Patient-Reported Offers of Alcohol Treatment for Primary Care Patients at High-Risk for an Alcohol Use Disorder

Published in: Journal of the American Board of Family Medicine, v. 29, no. 6, Nov.-Dec. 2016, p. 682-687

by Sean Grant, Katherine E. Watkins, Andy Bogart, Susan M. Paddock, Kimberly A. Hepner

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Research Questions

  1. What proportion of patients at high risk for an alcohol use disorder were offered formal treatment for alcohol use during routine annual screening in primary care?
  2. What types of formal treatment were offered, and what factors were associated with offer of treatment?


This study assessed patient-reported alcohol treatment offers by health care providers following routine annual screening for alcohol use in primary care.


A telephone interview within 30 days of the annual screen assessed demographics, alcohol and other drug use, mental health symptoms, and offers of formal treatment for alcohol by a Veterans Affairs health care provider. We included male patients (n = 349) at high risk for an alcohol use disorder (AUD) who had not received alcohol treatment in the past 3 months. We assessed self-reported receipt of any offers of formal treatment for alcohol use and associations of offers of formal treatment for alcohol with demographic and clinical variables.


A total of 145 patients (41.5%) reported an offer of at least 1 type of formal treatment for alcohol use. More severe alcohol misuse (odds ratio, 1.07; 95% confidence interval, 1.03–1.11) and younger age (odds ratio, 0.97, 95% confidence interval, 0.95–0.99) were associated with reporting an offer of formal treatment.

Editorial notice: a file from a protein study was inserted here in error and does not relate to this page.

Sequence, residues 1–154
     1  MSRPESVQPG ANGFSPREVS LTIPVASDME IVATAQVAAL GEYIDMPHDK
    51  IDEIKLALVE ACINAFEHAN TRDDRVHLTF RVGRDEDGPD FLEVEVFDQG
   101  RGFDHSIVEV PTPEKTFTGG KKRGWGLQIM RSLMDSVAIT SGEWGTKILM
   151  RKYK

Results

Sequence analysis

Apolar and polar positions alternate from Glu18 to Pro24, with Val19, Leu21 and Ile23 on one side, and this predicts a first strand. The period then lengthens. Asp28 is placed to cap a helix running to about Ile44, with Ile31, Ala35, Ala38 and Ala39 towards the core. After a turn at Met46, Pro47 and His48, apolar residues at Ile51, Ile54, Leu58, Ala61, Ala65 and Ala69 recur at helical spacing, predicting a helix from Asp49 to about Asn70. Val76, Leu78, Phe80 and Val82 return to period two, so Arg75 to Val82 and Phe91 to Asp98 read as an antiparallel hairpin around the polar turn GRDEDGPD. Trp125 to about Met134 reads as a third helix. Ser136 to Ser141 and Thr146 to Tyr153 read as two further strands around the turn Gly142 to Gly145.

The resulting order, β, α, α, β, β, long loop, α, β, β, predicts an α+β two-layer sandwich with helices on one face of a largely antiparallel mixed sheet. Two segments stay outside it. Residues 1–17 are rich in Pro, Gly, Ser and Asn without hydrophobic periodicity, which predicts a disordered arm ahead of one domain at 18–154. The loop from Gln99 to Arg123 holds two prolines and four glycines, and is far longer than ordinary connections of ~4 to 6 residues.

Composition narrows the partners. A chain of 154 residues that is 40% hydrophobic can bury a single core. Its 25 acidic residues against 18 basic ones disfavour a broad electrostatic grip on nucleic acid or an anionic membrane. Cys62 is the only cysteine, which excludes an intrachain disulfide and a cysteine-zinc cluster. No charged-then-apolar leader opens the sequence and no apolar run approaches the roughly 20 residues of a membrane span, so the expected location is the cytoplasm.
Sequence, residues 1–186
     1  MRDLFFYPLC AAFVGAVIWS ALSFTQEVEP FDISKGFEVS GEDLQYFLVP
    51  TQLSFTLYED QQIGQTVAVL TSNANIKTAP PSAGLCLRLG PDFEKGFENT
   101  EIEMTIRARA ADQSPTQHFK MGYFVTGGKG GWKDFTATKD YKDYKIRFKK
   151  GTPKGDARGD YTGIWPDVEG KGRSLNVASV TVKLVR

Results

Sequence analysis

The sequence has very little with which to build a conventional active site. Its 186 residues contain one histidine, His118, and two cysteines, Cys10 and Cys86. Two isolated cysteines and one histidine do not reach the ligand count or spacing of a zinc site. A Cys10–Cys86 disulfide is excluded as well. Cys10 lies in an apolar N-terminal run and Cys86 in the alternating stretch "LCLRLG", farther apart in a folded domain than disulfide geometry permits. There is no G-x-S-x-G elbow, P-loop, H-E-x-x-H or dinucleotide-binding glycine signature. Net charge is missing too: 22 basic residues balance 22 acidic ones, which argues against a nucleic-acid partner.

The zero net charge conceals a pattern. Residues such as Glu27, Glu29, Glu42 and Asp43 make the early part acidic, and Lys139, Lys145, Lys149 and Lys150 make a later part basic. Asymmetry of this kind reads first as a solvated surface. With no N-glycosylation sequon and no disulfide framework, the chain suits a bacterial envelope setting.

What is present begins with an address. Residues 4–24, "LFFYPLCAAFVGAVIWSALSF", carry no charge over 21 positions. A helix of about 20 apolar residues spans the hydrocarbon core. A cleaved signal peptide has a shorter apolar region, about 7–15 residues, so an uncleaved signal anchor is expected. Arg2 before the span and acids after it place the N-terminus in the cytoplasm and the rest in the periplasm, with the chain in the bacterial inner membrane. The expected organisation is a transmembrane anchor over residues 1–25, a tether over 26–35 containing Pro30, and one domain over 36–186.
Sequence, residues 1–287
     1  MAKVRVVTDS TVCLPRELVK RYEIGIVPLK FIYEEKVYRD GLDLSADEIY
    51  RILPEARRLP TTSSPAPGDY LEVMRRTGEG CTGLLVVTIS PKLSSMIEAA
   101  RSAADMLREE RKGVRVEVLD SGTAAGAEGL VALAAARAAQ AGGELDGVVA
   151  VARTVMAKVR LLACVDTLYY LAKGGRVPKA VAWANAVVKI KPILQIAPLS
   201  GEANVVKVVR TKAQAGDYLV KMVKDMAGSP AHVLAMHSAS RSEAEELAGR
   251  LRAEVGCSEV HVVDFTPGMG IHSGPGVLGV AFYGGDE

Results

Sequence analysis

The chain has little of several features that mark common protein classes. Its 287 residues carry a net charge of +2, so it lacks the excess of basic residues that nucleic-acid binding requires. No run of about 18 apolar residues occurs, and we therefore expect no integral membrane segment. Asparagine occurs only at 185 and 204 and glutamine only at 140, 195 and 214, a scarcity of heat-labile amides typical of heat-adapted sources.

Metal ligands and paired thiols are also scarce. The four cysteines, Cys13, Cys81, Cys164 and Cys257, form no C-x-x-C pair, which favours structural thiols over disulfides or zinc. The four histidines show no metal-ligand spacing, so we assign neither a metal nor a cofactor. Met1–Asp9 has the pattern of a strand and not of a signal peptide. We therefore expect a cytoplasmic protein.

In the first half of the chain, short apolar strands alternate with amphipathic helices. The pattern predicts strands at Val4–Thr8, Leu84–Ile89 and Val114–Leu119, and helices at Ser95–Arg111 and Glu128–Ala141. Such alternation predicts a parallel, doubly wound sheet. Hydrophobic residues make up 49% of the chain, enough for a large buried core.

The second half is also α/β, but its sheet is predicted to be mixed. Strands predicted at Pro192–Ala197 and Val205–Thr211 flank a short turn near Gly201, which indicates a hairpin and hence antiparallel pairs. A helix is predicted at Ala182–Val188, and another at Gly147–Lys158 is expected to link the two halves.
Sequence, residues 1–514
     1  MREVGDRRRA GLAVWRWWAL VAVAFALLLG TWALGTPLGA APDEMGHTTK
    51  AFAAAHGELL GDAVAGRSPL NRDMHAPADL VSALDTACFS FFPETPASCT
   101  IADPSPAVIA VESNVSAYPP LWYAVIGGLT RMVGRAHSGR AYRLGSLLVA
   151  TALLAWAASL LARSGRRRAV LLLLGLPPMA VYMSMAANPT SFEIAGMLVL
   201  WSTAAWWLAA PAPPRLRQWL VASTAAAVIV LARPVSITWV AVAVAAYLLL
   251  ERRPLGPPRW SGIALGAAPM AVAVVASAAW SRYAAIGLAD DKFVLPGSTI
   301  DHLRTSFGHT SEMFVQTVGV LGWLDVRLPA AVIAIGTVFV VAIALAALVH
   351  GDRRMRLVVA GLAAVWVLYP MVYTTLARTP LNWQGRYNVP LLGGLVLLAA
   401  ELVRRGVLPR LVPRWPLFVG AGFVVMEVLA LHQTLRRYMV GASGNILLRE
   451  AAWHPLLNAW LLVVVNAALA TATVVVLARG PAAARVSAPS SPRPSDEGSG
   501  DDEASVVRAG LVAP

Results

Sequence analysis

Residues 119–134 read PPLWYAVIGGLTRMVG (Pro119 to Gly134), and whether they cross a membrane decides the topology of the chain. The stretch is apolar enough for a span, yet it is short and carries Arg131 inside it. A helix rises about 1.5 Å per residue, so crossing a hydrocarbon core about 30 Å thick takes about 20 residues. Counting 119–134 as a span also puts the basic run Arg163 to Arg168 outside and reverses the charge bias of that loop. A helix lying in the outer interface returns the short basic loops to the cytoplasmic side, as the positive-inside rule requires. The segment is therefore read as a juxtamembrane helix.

Most primary care patients at high risk for an AUD were not offered treatment following annual screening. Our results highlight the importance of training primary care providers in what constitutes appropriate medical treatment for this population and the most effective ways of offering treatment.

Key Findings

  • In a sample of patients at high risk for alcohol use disorder, more than half reported not being offered formal treatment for alcohol use.
  • Therapy or counseling was the most frequently offered form of treatment; medication and referral to intensive outpatient treatment or a residential program were rarely offered.
  • Greater severity of alcohol misuse was associated with offers of treatment.
  • Older patients were less likely to be offered treatment.

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